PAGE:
The eliminationist zeal of much leftist rhetoric has been noted heremorethanonce. Some of you will have seen this recent pantomime of activism – invoking “free speech” as a right to silence others - and its censorious consequences. Apparently, when the subways “belong to the 99%” no-one will be offended. Because controversy will not be allowed and then, hey, we’ll be happy. Some readers may remember the experiments in thought correction at Delaware University, where an acclaimed and coercive programme of “social justice education” was described by its proponents as a “treatment” – one intended to “leave a mental footprint on [students’] consciousness.” Others may recall Tufts University’s perversely named Islamic Awareness Week, which led to institutional censorship and denial of reality, with factual statements – none of which were challenged - being outlawed as “harassment.”
We look at these horrors retrospectively and we say, “How could everyone have been so… mad? On top of being evil, these ideas seem patently ludicrous. How can you have a collective delusion overtaking an entire society?” And it looks like one of the answers is, if dissenters are punished and can anticipate they’re going to be punished, then you might have a situation where no-one actually believes something but everyone believes that everyone else believes it, and therefore no-one is willing to be the little boy that says the emperor is naked. And this pluralistic ignorance, as it’s sometimes called, is easily implemented when you have the punishing or censoring of unpopular views.
I guarantee you that Reason [magazine] published on a campus would be defunded and that you’d be up on harassment charges every other week… I have always voted to hire people who think radically differently from myself, who are asking questions that I wouldn’t ask. The problem is that a lot of those people wish to clone themselves in their department and see voices that are dissident to their own orthodoxies as uncollegial… If you’re taking a course, the goal of which is to make you understand that you have false consciousness, that you don’t understand the way in which America has brainwashed and mystified your mind, and which has given us a faculty that thinks of its primary goal as the demystification of students who have been brainwashed and given false consciousness by consumer capitalist America, that is not of intellectual value. They are contributing to the very crisis of the humanities that they are bemoaning.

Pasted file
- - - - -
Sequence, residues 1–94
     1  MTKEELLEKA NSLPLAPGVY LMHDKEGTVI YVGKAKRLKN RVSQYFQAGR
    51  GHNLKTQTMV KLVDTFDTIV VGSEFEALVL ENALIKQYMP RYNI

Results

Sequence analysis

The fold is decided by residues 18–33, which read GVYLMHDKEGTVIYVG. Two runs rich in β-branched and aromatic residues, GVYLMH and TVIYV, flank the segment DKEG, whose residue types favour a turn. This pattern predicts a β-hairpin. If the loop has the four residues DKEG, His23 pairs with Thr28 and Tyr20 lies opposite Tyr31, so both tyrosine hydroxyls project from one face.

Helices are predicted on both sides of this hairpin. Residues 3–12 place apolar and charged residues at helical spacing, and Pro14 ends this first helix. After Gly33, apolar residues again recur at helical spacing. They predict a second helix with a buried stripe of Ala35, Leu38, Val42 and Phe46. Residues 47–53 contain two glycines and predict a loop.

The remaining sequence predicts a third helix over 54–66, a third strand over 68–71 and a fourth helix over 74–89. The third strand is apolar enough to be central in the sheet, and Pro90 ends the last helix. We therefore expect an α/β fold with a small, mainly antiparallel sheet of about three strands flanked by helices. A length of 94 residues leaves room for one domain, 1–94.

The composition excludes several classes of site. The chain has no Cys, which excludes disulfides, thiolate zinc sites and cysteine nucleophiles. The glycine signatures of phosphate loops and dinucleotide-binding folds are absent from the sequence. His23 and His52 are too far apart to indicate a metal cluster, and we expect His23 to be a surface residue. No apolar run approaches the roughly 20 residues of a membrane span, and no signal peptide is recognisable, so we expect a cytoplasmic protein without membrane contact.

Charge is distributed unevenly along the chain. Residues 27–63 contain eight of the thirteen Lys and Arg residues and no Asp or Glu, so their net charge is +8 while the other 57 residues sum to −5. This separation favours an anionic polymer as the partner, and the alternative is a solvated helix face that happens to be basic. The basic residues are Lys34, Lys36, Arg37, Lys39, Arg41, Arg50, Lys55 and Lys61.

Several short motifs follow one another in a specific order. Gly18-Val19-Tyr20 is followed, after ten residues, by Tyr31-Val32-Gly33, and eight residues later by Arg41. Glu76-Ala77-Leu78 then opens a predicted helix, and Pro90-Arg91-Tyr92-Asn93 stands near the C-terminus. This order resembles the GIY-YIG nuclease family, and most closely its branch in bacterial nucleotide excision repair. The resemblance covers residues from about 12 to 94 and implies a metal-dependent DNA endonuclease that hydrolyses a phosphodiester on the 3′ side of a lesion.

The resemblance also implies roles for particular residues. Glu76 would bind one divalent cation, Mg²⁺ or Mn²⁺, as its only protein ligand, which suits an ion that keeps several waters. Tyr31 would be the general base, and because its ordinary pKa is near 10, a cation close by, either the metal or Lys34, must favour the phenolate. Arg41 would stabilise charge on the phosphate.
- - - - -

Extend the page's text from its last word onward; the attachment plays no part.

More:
And so, for instance, the Marxist pseudo-philosopher Nina Power rails against the “ideological devastation of the education system” and demands more public subsidy for Marxist pseudo-philosophers, while telling us that “everyone is equally intelligent” because, well, they just are. Of course one shouldn’t assume such people are interested in logic, reality or the testing of ideas, certainly not their own, despite all the blather about “critical thinking.” What they’re interested in – and determined to have more of – is power. Ideally expressed by making students credulous, conformist and pretentiously resentful.
And Thomas Sowell on government interference, irrational taxes and how to create an economic crisis:
To be a masterful politician you have to have a lot of brass. It takes an incredible amount of brass for Bill Clinton, who was the biggest factor in creating the housing boom that led to the bust that brought down the whole economy, [to blame Republicans for that crisis]. It was during the Clinton administration that the federal government forced lenders to change their lending standards, which had been in place for decades and had made real estate one of the safest investments around, to bring those standards down in order that they could get the numbers that they wanted for low income, minority mortgage applicants. Attorney General Janet Reno, under Clinton, threatened lenders with legal action from the Justice Department if their numbers - in terms of minority groups and income levels of people who were approved - didn’t fit her preconceptions. The Housing and Urban Development programme, under Clinton, made law suits against lenders, charging them with racial discrimination based solely upon statistics. The government was forcing people to lower the lending standards that had existed for years, and [afterwards] they said, “Well, the problem was greed.” You don’t satisfy greed by lending to people who can’t pay you back.
Feel free to add your own links and snippets in the comments.